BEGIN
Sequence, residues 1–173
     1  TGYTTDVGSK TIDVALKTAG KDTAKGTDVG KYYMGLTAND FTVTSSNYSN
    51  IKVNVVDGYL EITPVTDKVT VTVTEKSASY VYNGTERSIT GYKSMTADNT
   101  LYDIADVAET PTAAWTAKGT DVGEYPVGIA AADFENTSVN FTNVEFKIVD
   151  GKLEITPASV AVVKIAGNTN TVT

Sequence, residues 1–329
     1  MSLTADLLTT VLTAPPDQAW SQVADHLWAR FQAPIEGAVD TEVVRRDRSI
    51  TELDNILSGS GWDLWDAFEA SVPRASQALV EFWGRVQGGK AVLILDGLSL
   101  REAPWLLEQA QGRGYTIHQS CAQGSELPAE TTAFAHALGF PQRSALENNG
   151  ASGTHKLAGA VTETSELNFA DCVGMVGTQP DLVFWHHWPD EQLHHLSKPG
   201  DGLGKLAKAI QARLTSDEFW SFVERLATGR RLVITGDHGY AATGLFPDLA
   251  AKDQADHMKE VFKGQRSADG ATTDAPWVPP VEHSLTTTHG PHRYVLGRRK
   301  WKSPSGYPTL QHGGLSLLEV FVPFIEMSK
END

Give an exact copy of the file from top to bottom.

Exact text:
Sequence, residues 1–173
     1  TGYTTDVGSK TIDVALKTAG KDTAKGTDVG KYYMGLTAND FTVTSSNYSN
    51  IKVNVVDGYL EITPVTDKVT VTVTEKSASY VYNGTERSIT GYKSMTADNT
   101  LYDIADVAET PTAAWTAKGT DVGEYPVGIA AADFENTSVN FTNVEFKIVD
   151  GKLEITPASV AVVKIAGNTN TVT

Sequence, residues 1–329
     1  MSLTADLLTT VLTAPPDQAW SQVADHLWAR FQAPIEGAVD TEVVRRDRSI
    51  TELDNILSGS GWDLWDAFEA SVPRASQALV EFWGRVQGGK AVLILDGLSL
   101  REAPWLLEQA QGRGYTIHQS CAQGSELPAE TTAFAHALGF PQRSALENNG
   151  ASGTHKLAGA VTETSELNFA DCVGMVGTQP DLVFWHHWPD EQLHHLSKPG
   201  DGLGKLAKAI QARLTSDEFW SFVERLATGR RLVITGDHGY AATGLFPDLA
   251  AKDQADHMKE VFKGQRSADG ATTDAPWVPP VEHSLTTTHG PHRYVLGRRK
   301  WKSPSGYPTL QHGGLSLLEV FVPFIEMSK